LONDON: The digital advertising duopoly of Facebook and Google is unlikely to be seriously challenged in the near future so marketers and agencies are simply going to have to think long and hard about how they manage relationships with the two, a new WARC study  says.

A WARC Trend Snapshot, Google and Facebook’s digital ‘duopoly’, notes that many experts believe the pair will together account for almost all growth in digital advertising despite the efforts of would-be rivals like Oath or Amazon.

Last week Alphabet, Google's parent company, reported a 21% rise in Q3 annual advertising revenue to $24bn, and Facebook is today expected to announce similarly strong figures.

“[The duopoly] creates an imperative for agencies to have platform experts who truly understand how Google and Facebook work,” according to Rob Norman, chief digital officer at GroupM.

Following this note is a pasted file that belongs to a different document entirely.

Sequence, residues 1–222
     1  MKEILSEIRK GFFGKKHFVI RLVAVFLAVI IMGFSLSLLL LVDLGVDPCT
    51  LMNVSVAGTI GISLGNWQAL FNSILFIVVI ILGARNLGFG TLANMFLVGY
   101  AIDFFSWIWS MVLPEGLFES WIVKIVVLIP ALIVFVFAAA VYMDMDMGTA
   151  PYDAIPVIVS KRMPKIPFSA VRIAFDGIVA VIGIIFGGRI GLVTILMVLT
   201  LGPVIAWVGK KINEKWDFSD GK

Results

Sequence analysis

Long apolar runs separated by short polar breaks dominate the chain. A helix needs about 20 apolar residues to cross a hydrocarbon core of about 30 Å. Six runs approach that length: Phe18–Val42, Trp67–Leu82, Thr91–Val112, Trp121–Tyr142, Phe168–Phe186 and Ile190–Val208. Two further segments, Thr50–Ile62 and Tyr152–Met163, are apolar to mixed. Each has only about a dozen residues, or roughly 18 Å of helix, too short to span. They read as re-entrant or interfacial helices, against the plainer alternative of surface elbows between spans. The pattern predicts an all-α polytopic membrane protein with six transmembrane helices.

“If you fail, then that is problematic – just as problematic as if, in the 1950s, you had decided TV was unimportant, and that you were not going to engage with NBC,” he said.

Agencies also need such expertise if they are to avoid clients going direct to the duopoly and cutting out the agency as a middle-man – a strategy that can lead to problems when it comes to attribution and budget allocation.

“That causes a lot of issues in terms of media-neutral planning,” Matt Morgan, managing partner for digital at IPG Mediabrands network UM, pointed out.

“[As an agency] we have our own tools which help us to plan in a media-neutral way, based on outcomes, but Google and Facebook are in there pushing their own agenda.”

Reconciling competing versions of the ‘truth’ emanating from two different walled gardens is already difficult enough and will take on added urgency if and when the duopoly starts to take ad dollars from TV broadcasters rather than, as so far, print and digital media companies.

But Norman remains optimistic. “You have to distinguish between the fact that there are two extraordinarily large players versus the idea that advertisers have no choice,” he said.

“You need a sense of what is possible.”

Sourced from WARC